No State Party shall expel, return ("refouler") or extradite a person to another State where there are substantial grounds for believing that he will be in danger of being subjected to torture…For the purpose of determining whether there are such grounds, the competent authorities shall take into account all relevant considerations, including, where applicable, the existence in the State concerned of a consistent pattern of gross, flagrant or mass violations of human rights.
Furthermore, the U.N. Human Rights Committee (HRC) has interpreted the prohibition of torture in Article 7 of the International Covenant on Civil and Political Rights (ICCPR) to include obligation not to return a person to a place where he or she would be at risk of torture: "In the view of the Committee, States parties must not expose individuals to the danger of torture or cruel, inhuman or degrading treatment or punishment upon return to another country by way of their extradition, expulsion or refoulement."
The prohibition against torture and ill-treatment, including the prohibition against returning a person to a country where he or she is at risk of torture or ill-treatment is absolute and permits no exceptions; states may not derogate from this obligation. Indeed, the prohibition has risen to the level of jus cogens and is a peremptory norm of international law. U.N. Special Rapporteur on Torture Theo van Boven has said that the "expulsion of those suspected of terrorism to other countries must be accompanied by an effective system to closely monitor their fate upon return, with a view to ensuring that they will be treated with respect for their human dignity."
It is Human Rights Watch's understanding that the Law on Foreigners does not set out specific guarantees for persons subject to expulsion, such as an automatic review of their risk of torture in their country of origin. In view of government statements to the effect that this administrative tool will be used in the future, Human Rights Watch urges Spain to take due precautions to ensure that it does not expose individuals to torture or cruel, inhuman or degrading treatment upon their expulsion to another country .
Impact of 11-M attacks on Moroccans and other Muslims in Spain
Many Spaniards feared a racist backlash against Moroccans as dozens of immigrants from that country have been arrested in connection with the 11-M bombings. Moroccans form the second-largest immigrant group in Spain; nearly 376,000 Moroccans have legal permits to live and work in Spain, and an estimated 200,000 more are undocumented. The relationship between the immigrant Moroccan community and the Spanish population has been marked by tension, mutual distrust, and occasional violence. On March 16, SOS Racismo, a nongovernmental organization dedicated to fighting all forms of racism, warned of the potential for "an increase in Islamophobia" and issued an appeal to the society as a whole, and public officials and the media in particular, to "actively prevent possible racist reactions and report them should they occur." Local and national government officials called for tolerance, while Prime Minister Zapatero committed himself in his inauguration speech to fighting all forms of xenophobia, recalling that dozens of people from other nations died alongside Spaniards on March 11th. Forty-seven of the 190 people killed in the attacks were foreigners.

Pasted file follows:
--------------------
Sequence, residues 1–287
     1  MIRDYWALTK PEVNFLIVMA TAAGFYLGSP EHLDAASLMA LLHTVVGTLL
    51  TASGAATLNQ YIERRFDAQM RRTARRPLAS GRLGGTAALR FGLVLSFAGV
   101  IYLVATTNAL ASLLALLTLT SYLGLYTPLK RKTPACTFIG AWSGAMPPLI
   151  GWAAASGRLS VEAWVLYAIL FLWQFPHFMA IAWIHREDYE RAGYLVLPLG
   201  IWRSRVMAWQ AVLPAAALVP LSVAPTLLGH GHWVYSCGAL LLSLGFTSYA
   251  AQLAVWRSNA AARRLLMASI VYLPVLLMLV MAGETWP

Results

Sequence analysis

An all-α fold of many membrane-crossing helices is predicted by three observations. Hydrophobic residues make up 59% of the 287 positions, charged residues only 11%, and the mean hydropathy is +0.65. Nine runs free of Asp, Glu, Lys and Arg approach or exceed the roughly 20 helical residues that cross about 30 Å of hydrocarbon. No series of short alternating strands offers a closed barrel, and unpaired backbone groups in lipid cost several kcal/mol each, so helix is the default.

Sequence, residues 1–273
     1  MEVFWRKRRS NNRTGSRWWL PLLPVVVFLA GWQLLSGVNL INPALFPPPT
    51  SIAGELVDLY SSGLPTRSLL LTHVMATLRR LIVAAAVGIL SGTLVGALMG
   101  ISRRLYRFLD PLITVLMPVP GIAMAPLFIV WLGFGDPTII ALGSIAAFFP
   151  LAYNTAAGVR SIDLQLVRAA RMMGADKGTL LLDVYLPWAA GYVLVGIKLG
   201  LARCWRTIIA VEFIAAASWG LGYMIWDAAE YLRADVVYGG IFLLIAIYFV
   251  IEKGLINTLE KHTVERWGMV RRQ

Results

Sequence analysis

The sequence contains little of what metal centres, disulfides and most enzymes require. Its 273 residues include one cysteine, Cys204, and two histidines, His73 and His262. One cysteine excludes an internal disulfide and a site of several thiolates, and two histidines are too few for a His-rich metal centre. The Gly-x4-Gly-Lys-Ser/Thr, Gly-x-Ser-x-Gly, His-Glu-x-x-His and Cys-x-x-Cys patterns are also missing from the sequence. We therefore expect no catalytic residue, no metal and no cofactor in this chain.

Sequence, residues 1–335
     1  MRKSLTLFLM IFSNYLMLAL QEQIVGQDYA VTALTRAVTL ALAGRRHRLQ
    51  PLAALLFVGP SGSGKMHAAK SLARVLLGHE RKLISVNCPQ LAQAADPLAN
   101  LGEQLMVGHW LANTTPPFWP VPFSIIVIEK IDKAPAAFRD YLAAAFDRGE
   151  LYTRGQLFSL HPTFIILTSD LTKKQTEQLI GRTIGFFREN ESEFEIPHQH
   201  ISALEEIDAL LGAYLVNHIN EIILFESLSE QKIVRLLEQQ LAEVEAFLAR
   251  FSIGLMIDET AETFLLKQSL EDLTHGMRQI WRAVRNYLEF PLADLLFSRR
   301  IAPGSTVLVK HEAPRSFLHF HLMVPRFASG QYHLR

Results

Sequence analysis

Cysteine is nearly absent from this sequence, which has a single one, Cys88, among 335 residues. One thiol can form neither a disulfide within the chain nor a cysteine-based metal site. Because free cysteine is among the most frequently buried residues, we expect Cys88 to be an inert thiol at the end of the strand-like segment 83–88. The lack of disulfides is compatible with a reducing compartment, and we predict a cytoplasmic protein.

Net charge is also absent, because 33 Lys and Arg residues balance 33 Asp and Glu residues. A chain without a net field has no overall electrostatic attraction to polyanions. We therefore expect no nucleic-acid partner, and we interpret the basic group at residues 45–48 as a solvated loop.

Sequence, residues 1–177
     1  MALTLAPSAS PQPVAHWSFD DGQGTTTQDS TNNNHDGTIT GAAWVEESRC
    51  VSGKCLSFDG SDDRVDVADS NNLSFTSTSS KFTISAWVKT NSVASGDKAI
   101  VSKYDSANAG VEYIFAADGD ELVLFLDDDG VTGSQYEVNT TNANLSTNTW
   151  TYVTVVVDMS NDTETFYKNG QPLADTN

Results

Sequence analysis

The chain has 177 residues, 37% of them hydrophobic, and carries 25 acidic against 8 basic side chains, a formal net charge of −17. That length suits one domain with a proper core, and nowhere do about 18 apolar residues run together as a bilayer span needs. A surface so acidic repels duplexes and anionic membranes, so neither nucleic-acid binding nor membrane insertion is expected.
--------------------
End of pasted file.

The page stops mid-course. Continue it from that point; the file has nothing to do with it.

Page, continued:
In the months following the attacks, an elevated sense of fear led many in the Moroccan community to alter their daily routines and keep as low a profile as possible. Human Rights Watch learned from members of the Moroccan community that women wearing the veil or head scarf and young men, especially those carrying backpacks, reported an increase in hostile looks and verbal insults on the street. The Association of Moroccan Workers and Immigrants in Spain (Asociación de Trabajadores e Inmigrantes Marroquíes en España – ATIME), a nongovernmental membership organization, urged Moroccans to make certain changes in their daily lives (for example, to avoid speaking Arabic loudly in public and meeting in large groups), to not respond to provocations, and to cooperate with the police. Mustapha El M'Rabet, the president of ATIME, explained:
People don't go out like they did before; they don't meet in large groups. Everyone is conscious of what happened. It is an intelligent way to help to lower the tension…It's difficult to say how long this will last, there's always the fear of the spark that could start a fire…We don't want to play the victim too much…to denounce a situation can create another problem. Maybe further along people will begin to talk.